Alternatively, there is a bus stop at Högstena, 500 metres from the terminal, from where local bus 36 goes to Vågmästareplatsen, where you can change to a tram to get to the central station. This takes 35 minutes in total and costs 24 SEK (18 SEK for people under 20).
Centralstationen (tram Centralstationen/Drottningtorget) is the main rail station in Gothenburg. International train services are available to Copenhagen via the Öresund bridge, and Oslo. Highspeed trains connect with Stockholm in just over three hours. Note: Trains from Gothenburg to Copenhagen airport (CPH) are very unreliable and services can be cancelled with a myriad of excuses, always make sure there is atleast one extra train service that will get you to your connecting flight, or take the overnight bus to CPH, do not rely on the train to CPH airport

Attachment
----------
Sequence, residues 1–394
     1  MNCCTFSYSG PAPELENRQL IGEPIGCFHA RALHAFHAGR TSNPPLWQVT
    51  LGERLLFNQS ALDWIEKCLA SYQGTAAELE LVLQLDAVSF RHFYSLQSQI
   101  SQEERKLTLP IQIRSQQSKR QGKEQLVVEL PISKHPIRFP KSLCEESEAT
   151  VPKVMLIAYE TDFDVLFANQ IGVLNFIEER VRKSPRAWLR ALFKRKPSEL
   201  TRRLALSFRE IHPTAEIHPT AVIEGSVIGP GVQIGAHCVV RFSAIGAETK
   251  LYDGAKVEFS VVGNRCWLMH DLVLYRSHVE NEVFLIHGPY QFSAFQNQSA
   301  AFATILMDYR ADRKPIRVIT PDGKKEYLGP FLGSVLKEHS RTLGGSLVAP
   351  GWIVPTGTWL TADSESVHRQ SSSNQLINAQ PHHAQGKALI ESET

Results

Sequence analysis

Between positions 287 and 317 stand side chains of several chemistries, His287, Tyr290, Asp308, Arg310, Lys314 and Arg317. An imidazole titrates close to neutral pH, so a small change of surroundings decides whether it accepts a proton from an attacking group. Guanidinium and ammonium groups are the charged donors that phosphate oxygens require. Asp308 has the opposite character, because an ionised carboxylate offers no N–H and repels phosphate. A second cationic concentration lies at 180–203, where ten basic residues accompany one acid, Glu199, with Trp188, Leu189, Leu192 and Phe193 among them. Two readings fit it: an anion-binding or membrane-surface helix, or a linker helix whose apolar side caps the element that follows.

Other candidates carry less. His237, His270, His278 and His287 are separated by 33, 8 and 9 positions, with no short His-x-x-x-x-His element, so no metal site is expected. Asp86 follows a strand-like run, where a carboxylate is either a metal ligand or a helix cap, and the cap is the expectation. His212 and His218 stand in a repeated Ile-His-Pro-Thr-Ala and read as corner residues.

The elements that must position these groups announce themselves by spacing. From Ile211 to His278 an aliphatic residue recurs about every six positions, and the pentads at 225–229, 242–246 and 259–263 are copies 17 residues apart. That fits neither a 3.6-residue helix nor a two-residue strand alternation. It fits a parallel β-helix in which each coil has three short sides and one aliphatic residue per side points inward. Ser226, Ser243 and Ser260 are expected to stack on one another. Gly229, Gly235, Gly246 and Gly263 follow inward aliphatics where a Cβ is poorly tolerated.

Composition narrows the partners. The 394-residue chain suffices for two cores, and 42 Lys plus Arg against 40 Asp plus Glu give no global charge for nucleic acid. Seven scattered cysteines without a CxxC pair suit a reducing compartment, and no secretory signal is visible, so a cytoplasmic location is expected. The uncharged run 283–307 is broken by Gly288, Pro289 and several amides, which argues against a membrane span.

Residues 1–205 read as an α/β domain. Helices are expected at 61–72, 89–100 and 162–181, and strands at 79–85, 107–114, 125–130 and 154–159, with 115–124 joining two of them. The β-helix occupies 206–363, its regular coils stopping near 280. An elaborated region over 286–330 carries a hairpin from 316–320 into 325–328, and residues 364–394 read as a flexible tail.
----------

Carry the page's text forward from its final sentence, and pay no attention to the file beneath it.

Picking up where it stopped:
A daily night train connects with the northern Swedish cities of Luleå and Umeå.
Also, a new private luxury train named Blå Tåget  travels the route Gothenburg-Stockholm-Uppsala daily except Fridays. Journey times are longer than SJ fast-trains but the train boasts generous seating, free WiFi and includes an onboard restaurant.
The roads E6, E20 and E45 pass through Gothenburg. If you come by car from Stockholm, you should take E4 to Jönköping, and then national road 40.
Approximate distances & travelling time:
- to Malmö (E6/E20 south): 300 km, 3 hrs
- to Oslo (E6 north): 320 km, 4 hrs
- to Stockholm (40 east, E4): 500 km, 5 to 6 hrs
- to Copenhagen (E6/E20 south): 317 km, 3.5 hrs
Be aware that parking in Gothenburg can be difficult and expensive, as free parking is rarely found. Prices per hour vary between 7 different zones and can be as high as 25 SEK per hour. Free parking on some areas is included in the Gothenburg pass  if you happen to own one. However, there is no guarantee that you will find a free spot. In any case, expect to spend some time looking for a spot, and expect to be forced to walk quite some distance. The closer you are to the city centre the more this is true.